October 5, 2011

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The October 5, 2011 edition of the Omega

Transcript of October 5, 2011

  • The megawww.theomega.caThompson Rivers Universitys Independent Student NewspaperOct. 5, 2011

    Field study opportunity in Central America 4

    WolfPack Sports 11

    Future of Kamloops transit explored 6

    PHOTO BY MIKE DAVIES

    The CBC and Canada: a celebration of identity 3

    PHOTO BY TREVOR CHALIFOUR

  • October 5, 20112

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    Opinion

    MONTREAL (CUP) Hey stu-dents, have you read? Quebec has its own Tea Party: student activists.

    At least, thats what seasoned edi-torialist Henry Aubin opined in The Gazette when he wrote A taste of the Tea Party in Quebec on Sept. 6.

    Militant members of these student organizations will recoil at being com-pared with the Tea Party, that far-right crusade south of the border, he wrote.

    The students will see Tea Partiers as stodgy, old and doctrinaire the reverse of their own cool, youthful, broad-minded selves. Yet the two movements have much in common.

    While its true that I recoil at the notion of grassroots education activ-ism being compared to the Tea Party and will admit to having a cool, youthful, broad mind I take issue with the tenuous links Aubin makes between us and them.

    Tea Partiers demand lower taxes, while students are demanding lower tuition. His argument ceases to make sense beyond the surface financial similarities.

    Yet the difference between our pro-spective governments, he writes, is a nuance.

    But one group is adamant that they are taxed enough already putting their own short-term financial inter-ests ahead of the long-term needs of the many while the other is saying

    that affordable education is vital to the economic future of the whole prov-ince.

    Aubin also comments that the Tea Party is similar to students because both groups are electorally minded and have played the political system astutely.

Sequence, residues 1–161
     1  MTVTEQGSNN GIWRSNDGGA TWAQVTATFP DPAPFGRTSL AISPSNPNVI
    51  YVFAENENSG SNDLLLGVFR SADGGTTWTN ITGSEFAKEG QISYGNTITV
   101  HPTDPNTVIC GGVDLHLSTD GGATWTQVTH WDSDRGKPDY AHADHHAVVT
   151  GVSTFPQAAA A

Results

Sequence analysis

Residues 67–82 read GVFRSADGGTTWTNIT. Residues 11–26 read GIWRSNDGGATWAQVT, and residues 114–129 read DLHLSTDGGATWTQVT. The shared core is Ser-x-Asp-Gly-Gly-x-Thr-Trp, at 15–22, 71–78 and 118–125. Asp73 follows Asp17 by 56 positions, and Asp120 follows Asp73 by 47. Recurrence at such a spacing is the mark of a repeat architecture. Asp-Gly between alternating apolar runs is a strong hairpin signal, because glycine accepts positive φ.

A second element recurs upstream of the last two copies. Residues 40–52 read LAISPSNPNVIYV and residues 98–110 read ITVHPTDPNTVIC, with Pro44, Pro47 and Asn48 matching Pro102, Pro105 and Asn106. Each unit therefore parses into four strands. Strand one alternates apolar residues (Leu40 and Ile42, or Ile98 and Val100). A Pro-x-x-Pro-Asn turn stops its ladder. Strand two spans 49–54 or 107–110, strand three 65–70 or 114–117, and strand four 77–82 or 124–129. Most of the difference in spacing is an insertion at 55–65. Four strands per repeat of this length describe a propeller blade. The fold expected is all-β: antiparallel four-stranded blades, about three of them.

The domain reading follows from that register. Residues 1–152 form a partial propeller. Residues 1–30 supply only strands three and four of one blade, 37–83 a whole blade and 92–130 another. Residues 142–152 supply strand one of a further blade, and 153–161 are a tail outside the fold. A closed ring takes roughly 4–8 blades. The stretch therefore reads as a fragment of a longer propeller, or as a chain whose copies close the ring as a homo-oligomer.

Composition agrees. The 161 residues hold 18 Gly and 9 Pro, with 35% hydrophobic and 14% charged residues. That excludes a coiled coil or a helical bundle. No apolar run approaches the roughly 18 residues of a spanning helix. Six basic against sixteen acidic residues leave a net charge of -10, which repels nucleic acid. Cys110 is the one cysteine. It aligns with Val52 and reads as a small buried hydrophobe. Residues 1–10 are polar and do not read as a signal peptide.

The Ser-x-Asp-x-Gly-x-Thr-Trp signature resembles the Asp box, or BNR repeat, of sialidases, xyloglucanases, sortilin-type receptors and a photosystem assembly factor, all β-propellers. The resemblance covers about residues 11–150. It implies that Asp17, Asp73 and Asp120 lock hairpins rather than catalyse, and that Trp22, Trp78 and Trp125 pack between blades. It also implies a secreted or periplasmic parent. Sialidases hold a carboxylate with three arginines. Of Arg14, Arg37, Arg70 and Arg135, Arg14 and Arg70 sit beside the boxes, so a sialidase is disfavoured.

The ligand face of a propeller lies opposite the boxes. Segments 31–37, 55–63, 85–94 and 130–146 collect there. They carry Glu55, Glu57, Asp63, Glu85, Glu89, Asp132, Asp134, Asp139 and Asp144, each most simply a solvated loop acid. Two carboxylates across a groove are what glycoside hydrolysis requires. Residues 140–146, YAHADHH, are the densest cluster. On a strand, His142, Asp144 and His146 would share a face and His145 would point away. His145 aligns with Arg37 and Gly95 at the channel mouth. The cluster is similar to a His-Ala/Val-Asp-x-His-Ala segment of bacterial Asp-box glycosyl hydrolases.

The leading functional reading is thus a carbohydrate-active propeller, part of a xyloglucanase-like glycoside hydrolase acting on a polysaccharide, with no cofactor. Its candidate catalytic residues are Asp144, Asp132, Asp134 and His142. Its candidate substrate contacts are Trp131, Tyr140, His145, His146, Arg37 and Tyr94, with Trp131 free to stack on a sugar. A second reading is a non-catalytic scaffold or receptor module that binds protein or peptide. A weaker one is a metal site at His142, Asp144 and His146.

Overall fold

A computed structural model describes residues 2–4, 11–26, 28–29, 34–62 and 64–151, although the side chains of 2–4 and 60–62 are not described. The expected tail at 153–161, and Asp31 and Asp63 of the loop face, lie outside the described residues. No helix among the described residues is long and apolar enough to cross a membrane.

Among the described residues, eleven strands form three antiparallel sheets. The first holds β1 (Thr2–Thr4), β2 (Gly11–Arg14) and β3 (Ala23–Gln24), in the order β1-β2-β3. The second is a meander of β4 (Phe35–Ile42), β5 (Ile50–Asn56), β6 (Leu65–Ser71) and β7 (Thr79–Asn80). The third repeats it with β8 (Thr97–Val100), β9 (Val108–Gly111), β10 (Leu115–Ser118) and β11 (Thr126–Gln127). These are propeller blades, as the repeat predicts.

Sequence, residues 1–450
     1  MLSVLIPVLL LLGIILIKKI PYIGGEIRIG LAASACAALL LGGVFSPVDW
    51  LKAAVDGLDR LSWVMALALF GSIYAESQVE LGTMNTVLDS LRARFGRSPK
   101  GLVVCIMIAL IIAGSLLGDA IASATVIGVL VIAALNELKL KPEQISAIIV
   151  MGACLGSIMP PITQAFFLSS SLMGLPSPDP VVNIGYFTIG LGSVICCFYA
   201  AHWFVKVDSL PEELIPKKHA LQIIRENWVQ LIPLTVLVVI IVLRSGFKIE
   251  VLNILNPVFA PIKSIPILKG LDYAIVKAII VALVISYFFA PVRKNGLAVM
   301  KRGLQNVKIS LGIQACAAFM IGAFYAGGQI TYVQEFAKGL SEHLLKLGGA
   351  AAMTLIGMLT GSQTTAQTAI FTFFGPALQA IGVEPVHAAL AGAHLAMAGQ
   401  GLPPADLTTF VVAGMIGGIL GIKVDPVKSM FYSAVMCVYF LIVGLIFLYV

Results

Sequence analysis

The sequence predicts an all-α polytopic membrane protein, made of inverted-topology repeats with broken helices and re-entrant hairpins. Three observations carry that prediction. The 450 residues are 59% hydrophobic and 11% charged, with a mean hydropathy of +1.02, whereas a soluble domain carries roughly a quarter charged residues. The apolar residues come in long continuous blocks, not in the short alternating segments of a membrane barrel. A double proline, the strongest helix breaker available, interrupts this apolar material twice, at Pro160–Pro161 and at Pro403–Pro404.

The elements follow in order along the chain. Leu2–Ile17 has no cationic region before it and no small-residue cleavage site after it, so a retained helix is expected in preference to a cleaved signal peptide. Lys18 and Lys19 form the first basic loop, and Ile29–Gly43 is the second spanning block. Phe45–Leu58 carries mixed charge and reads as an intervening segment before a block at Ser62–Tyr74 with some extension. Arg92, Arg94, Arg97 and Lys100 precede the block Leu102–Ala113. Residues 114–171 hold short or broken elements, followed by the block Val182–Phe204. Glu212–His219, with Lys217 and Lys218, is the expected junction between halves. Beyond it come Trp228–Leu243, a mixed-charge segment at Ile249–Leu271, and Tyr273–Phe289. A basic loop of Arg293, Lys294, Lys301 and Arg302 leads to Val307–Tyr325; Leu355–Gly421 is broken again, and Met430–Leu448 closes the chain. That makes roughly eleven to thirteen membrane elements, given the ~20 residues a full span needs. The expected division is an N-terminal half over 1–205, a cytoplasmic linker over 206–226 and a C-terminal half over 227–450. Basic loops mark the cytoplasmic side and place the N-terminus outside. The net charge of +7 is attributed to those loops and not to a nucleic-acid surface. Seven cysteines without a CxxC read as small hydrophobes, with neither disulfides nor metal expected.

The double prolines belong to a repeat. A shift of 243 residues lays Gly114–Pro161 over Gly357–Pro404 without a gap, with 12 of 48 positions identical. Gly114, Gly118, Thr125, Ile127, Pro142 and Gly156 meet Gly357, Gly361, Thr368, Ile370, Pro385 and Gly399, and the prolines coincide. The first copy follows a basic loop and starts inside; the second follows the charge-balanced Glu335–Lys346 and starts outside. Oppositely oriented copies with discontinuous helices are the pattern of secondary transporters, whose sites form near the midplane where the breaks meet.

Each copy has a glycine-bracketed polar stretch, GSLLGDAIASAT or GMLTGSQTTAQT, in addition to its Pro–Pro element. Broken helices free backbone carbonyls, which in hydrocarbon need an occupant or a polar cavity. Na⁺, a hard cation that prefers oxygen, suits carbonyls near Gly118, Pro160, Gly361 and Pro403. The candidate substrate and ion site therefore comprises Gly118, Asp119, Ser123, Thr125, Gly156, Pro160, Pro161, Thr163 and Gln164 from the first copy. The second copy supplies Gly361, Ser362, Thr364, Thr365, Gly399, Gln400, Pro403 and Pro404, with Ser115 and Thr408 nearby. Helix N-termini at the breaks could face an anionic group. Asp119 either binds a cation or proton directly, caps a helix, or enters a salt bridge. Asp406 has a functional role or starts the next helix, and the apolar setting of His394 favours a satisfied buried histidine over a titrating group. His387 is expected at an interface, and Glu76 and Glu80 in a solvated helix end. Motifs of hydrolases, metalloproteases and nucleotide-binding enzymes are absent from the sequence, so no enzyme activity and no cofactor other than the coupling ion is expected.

But have they really? Astute is not a word I would choose when describ-ing Tea Party talking heads like Sarah Palin, Michelle Bachmann or Glenn Beck.

    These people also incorporate ho-mophobic and Islamophobic elements into their campaigns, and their dislike for Obama often comes off as little more than thinly veiled racism.

    So give us some credit, please; there is clearly more than one glaring differ-ence between both groups and their goals for society.

    Aubin seems impressed that student groups are going to try something extra and flaunt our new political sophistication this year by pressuring elected officials in target areas to start thinking seriously about public edu-cation that is funded through a more progressive taxation system.

    But he goes on to write that this agenda will eventually weaken soci-ety.

    Students, he argues, could even be responsible for bringing the university and provincial governments to fiscal crisis if we continue our political ag-gression of ragtag demonstrations and war path tactics.

    As Obama told his Tea Partying

    critics when the American economy was on the brink of default, We need to tighten our belts in an intelligent way.

    So do we. Were talking about access to edu-